Local and visiting recreational anglers at Burrill Lake can contribute to important citizen science research over the next 12 months by collecting small samples from their catch and dropping them into Big4 Bungalow Park on Burrill Lake for habitat research.
Developed by the University of Newcastle in partnership with Australia's fishing conservation charity OzFish Unlimited, the data will provide a better understanding of the benefits of saltmarsh habitat restoration for both fish and recreational fishers.
The saltmarsh habitat at Burrill Lake, south of Ulladulla, is in a degraded state, primarily due to cattle grazing.
"Saltmarshes are vital fish habitat and a nursery area for baby fish," said OzFish project manager for Coastal NSW Angus Fanning.
"More than 70 per cent of all recreationally targeted saltwater fish species are thought to rely on saltmarshes for at least some of their life cycle.
"We need fishers to take samples from fish caught in Burrill Lake.
"It doesn't matter the species caught, but the more the better.
"The sample needed is just a small piece a flesh from the fish the size of your thumbnail from above the lateral line.
"Put the piece of flesh in a clean plastic ziplock bag with the date, measurements and location/zone where the fish was caught, and drop it off at the Big4 Bungalow Park on Burrill Lakewhere they will be collected by researchers and taken back to the university for analysis."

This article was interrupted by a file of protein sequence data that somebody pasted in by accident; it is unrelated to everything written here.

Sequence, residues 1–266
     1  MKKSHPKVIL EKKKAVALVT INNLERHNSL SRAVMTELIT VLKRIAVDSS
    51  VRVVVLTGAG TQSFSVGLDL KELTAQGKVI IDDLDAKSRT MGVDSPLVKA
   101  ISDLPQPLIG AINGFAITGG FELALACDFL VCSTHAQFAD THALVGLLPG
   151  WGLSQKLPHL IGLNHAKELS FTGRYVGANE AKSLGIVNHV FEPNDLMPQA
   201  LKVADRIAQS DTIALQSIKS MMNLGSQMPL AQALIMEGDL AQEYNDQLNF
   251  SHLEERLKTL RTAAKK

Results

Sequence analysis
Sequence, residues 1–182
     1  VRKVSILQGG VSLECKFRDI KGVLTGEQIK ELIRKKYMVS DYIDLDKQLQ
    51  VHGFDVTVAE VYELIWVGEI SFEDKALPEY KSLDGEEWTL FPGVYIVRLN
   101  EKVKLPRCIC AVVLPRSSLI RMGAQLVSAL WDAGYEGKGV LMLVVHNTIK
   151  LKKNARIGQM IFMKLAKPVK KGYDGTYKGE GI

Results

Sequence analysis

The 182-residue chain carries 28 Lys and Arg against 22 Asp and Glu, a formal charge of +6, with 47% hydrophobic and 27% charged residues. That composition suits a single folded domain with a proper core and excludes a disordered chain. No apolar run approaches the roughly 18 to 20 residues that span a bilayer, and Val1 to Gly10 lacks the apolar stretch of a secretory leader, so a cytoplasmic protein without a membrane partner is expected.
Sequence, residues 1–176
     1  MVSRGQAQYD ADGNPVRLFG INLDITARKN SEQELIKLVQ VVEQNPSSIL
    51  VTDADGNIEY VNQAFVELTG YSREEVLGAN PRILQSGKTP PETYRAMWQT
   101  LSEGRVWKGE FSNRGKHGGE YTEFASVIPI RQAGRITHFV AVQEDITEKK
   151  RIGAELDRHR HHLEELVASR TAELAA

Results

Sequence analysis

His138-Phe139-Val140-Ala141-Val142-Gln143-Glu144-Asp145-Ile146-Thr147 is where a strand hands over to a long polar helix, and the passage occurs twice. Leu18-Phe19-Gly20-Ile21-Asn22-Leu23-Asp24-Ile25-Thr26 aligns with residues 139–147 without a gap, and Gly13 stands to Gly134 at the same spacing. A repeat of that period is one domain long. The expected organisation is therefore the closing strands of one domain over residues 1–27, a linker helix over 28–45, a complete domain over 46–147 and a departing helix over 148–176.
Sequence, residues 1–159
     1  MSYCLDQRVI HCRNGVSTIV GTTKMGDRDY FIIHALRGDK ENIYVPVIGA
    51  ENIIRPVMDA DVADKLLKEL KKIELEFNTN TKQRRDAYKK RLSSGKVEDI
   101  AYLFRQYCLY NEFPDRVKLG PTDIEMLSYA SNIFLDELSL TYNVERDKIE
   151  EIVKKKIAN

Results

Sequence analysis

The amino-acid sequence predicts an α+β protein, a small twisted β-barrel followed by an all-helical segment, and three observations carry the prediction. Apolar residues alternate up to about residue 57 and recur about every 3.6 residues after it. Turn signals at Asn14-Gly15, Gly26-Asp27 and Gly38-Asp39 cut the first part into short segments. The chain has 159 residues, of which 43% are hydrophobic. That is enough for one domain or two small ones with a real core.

Mr Fanning said it was a great opportunity for anglers to give back to the fish and the waterways they love.
This collaboration between the recreational fishing community and researchers will ultimately lead to a more comprehensive understanding of saltmarsh habitat restoration.
The research team are also interested to learn more about the importance of saltmarshes for fish diets.
"Using gut analysis can show what a fish has been eating but it doesn't indicate which food items were the most important," said Associate Professor and lead researcher from the University of Newcastle Troy Gaston,.
"By measuring stable isotopes - naturally occurring chemical tracers, the study will be able to determine the importance of different food sources for different species.
"The more recreational fishers who take part, the better-quality data we will be able to collect and ultimately improve how restoration projects are undertaken."
The project is funded by the University of Newcastle and OzFish's major partner BCF- Boating, Camping, Fishing.
To learn more about the project, the best ways to take a sample, and how you can get involved go to https://ozfish.org.au/projects/burrill-lake-project/ or call 1800 431 308.